Goodbye, 'Jogbra'...

May 2015: First up, though I still try to put up blog content whenever I can, it has been easier to more regularly visit the the Twitterverse. Follow me at @barethomas10 and let's keep the shirtless running flag flying. Of course, the blog still attracts very interesting comments, and good discussion. Keep it up.

Second, in the years since this venture launched, and as shirtless running among women has gone increasingly mainstream, the term "jogbra" has clearly declined in use. I will thus prefer "sportsbra" henceforth - as has already been the case on Twitter, and in recent posts here.

I continue to welcome guest posts (sent to barethomas@gmail.com) on any related topic, including from those who would discourage stripping to the waist. I am myself of course a fervent convert to the joys of running bare. But let all voices be heard!

Friday, December 4, 2009

From the Internet: How to handle hecklers

This is a useful piece by Christine Luff, which appeared on About.com: Running and Jogging. You can access the original by clicking here.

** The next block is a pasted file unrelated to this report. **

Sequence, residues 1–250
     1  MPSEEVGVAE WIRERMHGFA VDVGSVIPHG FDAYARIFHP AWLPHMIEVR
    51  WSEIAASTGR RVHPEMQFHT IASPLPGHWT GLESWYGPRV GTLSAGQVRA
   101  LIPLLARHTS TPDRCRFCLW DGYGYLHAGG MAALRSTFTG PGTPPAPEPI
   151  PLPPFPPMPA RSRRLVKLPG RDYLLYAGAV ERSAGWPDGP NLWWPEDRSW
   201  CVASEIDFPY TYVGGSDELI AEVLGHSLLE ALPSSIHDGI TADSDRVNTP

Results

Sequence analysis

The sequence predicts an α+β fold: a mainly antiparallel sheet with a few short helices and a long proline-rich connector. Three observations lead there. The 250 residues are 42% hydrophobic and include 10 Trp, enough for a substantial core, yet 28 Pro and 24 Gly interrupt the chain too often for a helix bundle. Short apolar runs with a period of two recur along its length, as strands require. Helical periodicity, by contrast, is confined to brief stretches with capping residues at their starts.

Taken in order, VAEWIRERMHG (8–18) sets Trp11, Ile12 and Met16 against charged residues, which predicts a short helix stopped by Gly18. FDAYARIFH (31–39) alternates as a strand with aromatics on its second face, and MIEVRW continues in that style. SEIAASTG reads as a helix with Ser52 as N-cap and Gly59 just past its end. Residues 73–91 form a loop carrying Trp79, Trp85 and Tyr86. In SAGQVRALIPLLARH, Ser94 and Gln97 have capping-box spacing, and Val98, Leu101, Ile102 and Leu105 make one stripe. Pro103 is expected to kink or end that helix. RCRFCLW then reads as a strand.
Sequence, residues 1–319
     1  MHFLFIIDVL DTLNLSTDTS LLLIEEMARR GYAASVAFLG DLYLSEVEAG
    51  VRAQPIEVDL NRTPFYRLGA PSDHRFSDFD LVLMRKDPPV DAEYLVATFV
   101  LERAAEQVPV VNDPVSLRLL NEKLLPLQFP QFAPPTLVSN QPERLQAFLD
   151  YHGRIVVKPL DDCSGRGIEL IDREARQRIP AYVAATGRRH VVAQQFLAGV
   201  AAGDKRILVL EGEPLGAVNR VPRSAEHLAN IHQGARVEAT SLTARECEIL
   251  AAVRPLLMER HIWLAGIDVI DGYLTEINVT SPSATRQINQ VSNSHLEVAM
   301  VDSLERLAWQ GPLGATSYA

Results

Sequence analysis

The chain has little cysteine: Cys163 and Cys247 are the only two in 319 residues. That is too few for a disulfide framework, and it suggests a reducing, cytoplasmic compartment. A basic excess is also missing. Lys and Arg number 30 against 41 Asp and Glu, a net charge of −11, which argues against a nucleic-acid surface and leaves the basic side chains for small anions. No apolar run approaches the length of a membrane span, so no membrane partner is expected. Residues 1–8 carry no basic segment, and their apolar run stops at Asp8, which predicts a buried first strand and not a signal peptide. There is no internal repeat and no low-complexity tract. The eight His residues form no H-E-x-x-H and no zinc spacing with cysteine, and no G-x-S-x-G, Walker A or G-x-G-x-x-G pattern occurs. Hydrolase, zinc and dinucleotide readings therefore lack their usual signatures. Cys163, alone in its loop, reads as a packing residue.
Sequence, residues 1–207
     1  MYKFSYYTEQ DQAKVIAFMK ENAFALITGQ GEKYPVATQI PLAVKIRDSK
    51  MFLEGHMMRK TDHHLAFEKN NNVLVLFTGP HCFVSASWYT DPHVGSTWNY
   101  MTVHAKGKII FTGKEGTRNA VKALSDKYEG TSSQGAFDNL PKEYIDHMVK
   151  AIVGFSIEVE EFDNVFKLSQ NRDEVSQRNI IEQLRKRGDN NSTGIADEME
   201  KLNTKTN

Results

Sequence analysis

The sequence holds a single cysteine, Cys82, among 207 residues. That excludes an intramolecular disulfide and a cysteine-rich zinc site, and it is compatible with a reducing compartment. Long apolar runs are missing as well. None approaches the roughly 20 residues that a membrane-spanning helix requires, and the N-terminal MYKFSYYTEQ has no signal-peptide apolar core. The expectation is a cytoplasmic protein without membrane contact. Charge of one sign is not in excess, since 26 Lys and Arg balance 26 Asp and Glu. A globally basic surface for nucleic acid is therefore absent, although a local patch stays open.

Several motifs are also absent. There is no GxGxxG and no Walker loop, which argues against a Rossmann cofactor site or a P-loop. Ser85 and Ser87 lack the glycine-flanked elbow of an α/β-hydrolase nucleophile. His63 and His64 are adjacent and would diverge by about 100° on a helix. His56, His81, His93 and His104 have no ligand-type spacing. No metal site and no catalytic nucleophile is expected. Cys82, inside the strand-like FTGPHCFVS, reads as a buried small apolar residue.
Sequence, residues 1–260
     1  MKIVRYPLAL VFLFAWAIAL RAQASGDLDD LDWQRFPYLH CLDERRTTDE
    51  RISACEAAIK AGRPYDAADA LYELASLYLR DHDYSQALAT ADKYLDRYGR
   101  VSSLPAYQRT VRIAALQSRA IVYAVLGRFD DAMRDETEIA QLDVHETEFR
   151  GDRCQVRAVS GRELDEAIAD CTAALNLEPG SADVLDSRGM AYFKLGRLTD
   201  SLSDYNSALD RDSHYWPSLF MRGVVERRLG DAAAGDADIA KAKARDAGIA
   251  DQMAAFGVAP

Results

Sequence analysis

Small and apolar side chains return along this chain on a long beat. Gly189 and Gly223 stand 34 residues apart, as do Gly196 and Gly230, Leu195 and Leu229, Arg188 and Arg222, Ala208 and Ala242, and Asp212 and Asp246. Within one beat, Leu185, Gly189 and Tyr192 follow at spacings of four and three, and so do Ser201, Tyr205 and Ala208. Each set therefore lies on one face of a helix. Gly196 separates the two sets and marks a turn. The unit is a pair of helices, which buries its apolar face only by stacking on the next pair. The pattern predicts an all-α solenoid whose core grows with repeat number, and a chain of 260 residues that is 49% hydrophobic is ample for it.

"For some runners, the solution to running in ridiculously hot weather is to run in as little clothing as possible. Some women run in a sports bra and tiny shorts, and men run bare-chested. Although they may feel a bit cooler, baring some skin can create other problems, such as catcalls from a creepy passer-by. Dealing with the occasional obnoxious heckler may come with the territory when you run outside, especially for female runners. Here's what to do if someone starts verbally harassing you on the run:
  • Keep running. Don't stop and start screaming back at the heckler or flip him off. Although it may be tough to ignore him, it's better to keep your distance and continue moving.
  • Don't appear vulnerable. When someone starts hurling derogatory comments at you, hold your head high and stay strong. If your harasser tries to stop you, be forceful. Tell him to back off and keep moving.
  • Run with a cell phone. It's always smart to carry a phone with you, especially when running alone. If someone is verbally harassing you and you feel threatened, call the police. Give them a description of the harasser and where and when it happened."
-- Christine Luff, About.com Guide to Running/Jogging

1 comment:

Shirtless Robbie said...

That is good advice. Although, nobody should be scared off by the possibilities of harassment, I have never really had much of an issue with it. But it is always good to be prepared and it is probably more likely to be an issue for the ladies. With any potentially dangerous situation, you should try to appear alert and confident and stick to high-visibility public areas. As always, it's important to choose safe areas to run. A well-chosen route can make your run safer and more pleasant.